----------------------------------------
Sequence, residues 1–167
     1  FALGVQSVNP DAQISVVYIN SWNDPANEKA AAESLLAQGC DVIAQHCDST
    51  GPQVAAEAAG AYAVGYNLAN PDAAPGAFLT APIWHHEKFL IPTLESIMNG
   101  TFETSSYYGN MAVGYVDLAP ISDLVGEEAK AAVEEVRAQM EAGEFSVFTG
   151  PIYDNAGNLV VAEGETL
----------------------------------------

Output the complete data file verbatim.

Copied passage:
Sequence, residues 1–167
     1  FALGVQSVNP DAQISVVYIN SWNDPANEKA AAESLLAQGC DVIAQHCDST
    51  GPQVAAEAAG AYAVGYNLAN PDAAPGAFLT APIWHHEKFL IPTLESIMNG
   101  TFETSSYYGN MAVGYVDLAP ISDLVGEEAK AAVEEVRAQM EAGEFSVFTG
   151  PIYDNAGNLV VAEGETL